TTS for Incoming Email

Ding! New email. But what is it? Who's it from? What's it about? Is it worth getting up for? This article describes how to use tools to give different kinds of email a distinct audio signature. Think of it as talking caller ID for your email.

Assumptions

I assume that you:

  • Receive your mail on a UNIX system, and you have shell access on that system (or a way to set up a .procmailrc that will run on it);
  • Know, or can figure out, a little bit about procmail;
  • Know, or can figure out, a little bit about ssh port forwarding
  • Your UNIX server has the following software installed:
    • esdplay. This is a tool used for sending sounds to a remote system.
    • festival. This is a Text-to-Speech (TTS) engine.

Introduction


The setup is simple: your email arrives on one box, but you're sitting at another:

          +-------------+             +---------------------+
          | UNIX server |             | Your Desktop/Laptop |
          +-------------+             +---------------------+

When new mail comes into your server, you want your system to announce it:

          +-------------+             +---------------------+
  mail--->| UNIX server |---[sound]-->| Your Desktop/Laptop |
          +-------------+             +---------------------+

The way I accomplish this is by using ESD, the Enlightenment Sound Daemon, also called esound. ESD is a daemon that runs on your desktop system, listening. A process can run on the UNIX system, connect to your ESD daemon, and feed it a sound to play.


Software


ESD Daemon (on your Desktop)

ESD is available for all UNIXes; check your distribution for details. There's also a binary built for Windows and for Mac OS X. Get it, and start it up. One typical way to run it is:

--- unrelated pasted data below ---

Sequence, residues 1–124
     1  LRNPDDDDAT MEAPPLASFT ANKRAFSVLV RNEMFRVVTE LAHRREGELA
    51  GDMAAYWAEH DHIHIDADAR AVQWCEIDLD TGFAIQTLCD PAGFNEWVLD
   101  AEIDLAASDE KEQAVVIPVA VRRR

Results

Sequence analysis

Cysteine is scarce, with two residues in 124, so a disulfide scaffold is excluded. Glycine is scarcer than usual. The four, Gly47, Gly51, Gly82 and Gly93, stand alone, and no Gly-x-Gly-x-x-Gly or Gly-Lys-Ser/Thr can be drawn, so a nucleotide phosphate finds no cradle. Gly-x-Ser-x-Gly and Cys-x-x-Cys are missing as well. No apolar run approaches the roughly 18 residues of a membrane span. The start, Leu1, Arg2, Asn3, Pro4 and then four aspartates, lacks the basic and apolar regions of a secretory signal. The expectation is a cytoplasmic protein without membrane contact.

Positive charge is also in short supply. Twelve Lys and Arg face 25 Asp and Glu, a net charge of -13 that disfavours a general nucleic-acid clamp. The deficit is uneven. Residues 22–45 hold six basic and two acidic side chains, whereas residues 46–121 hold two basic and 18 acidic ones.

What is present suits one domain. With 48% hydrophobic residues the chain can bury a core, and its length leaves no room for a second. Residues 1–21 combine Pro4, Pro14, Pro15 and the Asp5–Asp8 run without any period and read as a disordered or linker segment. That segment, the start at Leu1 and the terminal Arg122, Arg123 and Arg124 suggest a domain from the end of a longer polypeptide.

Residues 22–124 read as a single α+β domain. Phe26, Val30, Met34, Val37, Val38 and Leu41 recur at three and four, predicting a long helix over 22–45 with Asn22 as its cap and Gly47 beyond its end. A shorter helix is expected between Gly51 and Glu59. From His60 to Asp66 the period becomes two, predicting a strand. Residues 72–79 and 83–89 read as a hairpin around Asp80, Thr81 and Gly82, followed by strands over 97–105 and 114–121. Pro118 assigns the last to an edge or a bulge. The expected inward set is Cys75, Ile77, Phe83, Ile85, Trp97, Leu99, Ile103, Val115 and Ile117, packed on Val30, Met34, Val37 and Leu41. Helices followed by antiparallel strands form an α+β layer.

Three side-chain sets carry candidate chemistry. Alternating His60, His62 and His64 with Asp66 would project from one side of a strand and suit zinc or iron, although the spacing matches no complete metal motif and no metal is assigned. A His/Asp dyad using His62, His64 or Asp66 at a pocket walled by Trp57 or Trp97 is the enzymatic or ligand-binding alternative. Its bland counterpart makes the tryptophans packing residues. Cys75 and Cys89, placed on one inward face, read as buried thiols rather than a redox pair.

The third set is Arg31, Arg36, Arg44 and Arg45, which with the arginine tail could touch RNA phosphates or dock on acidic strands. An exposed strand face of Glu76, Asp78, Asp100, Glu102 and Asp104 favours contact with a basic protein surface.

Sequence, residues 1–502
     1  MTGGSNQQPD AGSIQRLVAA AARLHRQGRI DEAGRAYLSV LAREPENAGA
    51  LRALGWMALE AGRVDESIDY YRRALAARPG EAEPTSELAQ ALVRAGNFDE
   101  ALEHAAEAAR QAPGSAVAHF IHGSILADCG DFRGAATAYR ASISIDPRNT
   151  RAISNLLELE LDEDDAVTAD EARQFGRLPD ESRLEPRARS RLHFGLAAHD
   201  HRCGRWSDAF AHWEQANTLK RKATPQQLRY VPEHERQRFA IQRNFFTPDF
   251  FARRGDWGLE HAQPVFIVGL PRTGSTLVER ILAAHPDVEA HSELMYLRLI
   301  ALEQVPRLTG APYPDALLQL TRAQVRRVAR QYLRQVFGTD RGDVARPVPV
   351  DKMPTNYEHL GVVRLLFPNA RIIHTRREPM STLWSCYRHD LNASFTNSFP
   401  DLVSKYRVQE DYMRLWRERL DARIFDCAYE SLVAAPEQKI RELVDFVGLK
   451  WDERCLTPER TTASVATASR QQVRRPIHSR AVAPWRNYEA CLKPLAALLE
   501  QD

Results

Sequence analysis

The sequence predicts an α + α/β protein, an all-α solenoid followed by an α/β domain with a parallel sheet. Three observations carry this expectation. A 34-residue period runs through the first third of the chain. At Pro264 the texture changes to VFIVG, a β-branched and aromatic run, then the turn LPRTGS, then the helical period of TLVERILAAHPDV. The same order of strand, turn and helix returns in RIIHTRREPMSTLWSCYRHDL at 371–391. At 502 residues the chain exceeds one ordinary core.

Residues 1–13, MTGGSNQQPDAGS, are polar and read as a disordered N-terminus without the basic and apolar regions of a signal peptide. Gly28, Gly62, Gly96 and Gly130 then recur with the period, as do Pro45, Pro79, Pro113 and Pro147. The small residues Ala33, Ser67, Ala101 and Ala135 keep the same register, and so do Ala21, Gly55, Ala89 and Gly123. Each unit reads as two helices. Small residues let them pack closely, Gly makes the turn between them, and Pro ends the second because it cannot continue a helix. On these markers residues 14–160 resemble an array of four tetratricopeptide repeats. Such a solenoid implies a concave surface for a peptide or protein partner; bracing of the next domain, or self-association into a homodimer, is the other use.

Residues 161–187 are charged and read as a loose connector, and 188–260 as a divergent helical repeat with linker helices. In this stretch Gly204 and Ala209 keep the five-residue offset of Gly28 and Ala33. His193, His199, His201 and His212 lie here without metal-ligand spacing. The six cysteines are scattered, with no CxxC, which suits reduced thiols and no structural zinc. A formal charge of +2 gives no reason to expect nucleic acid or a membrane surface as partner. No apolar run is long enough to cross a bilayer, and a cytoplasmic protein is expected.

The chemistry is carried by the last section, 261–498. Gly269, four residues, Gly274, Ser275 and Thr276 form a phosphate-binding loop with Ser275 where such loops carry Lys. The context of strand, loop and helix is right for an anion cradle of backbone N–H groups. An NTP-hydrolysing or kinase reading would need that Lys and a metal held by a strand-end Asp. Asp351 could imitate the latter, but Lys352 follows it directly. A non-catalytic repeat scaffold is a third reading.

$ esd -nobeeps -tcp -promiscuous

Now you're running the daemon... but that's on your desktop. The remote server has no way of knowing how to reach it. We fix that using ssh port forwarding.

ssh

I must assume that you have a way of ssh'ing into your UNIX mail server. Do so, but with this addition:

$ ssh -R 12345:localhost:16001 your.unix.server

(You can change the 12345, and may need to if that port is in use on your UNIX server.) What this does is tell your UNIX server that it can connect to port 12345 on itself, and that will actually be connecting (via tunnel) to your desktop system.

Test It

You should now be able to run a command on your UNIX server, and have a sound play on your desktop. Find a .wav file on your UNIX system (e.g. in /usr/share/sounds), or download this one. (Again, you want this .wav file on your UNIX server). Try playing it:

$ esdplay -s localhost:12345 Woody-Woodpecker.wav

(esdplay is pretty much standard on Linux distros. If your UNIX server doesn't have it, you may need to grab the source and compile it. That is beyond the scope of this document.) You should hear soothing, mellow tones on your speaker. If you don't, um, call or write Ed. No point in continuing unless you've got sound working.


Announcing Mail

This part of the process involves identifying incoming email and playing a suitable sound. You now know how to do the latter. The former is done with procmail.

# BEGIN: Anything sent directly to me

:0
* !^FROM_MAILER
* ^TO(santiago|esm)@(pobox.com|edsantiago.com|other-place.net)
{
    :0 ch
    | mail-announce

    :0 w: .incoming.lock
    $DEFAULT
}

That is: any message sent to me, but not by a daemon process (that is, no bounces or cron mails), gets a copy piped, headers only, to the mail-announce script.

To be continued...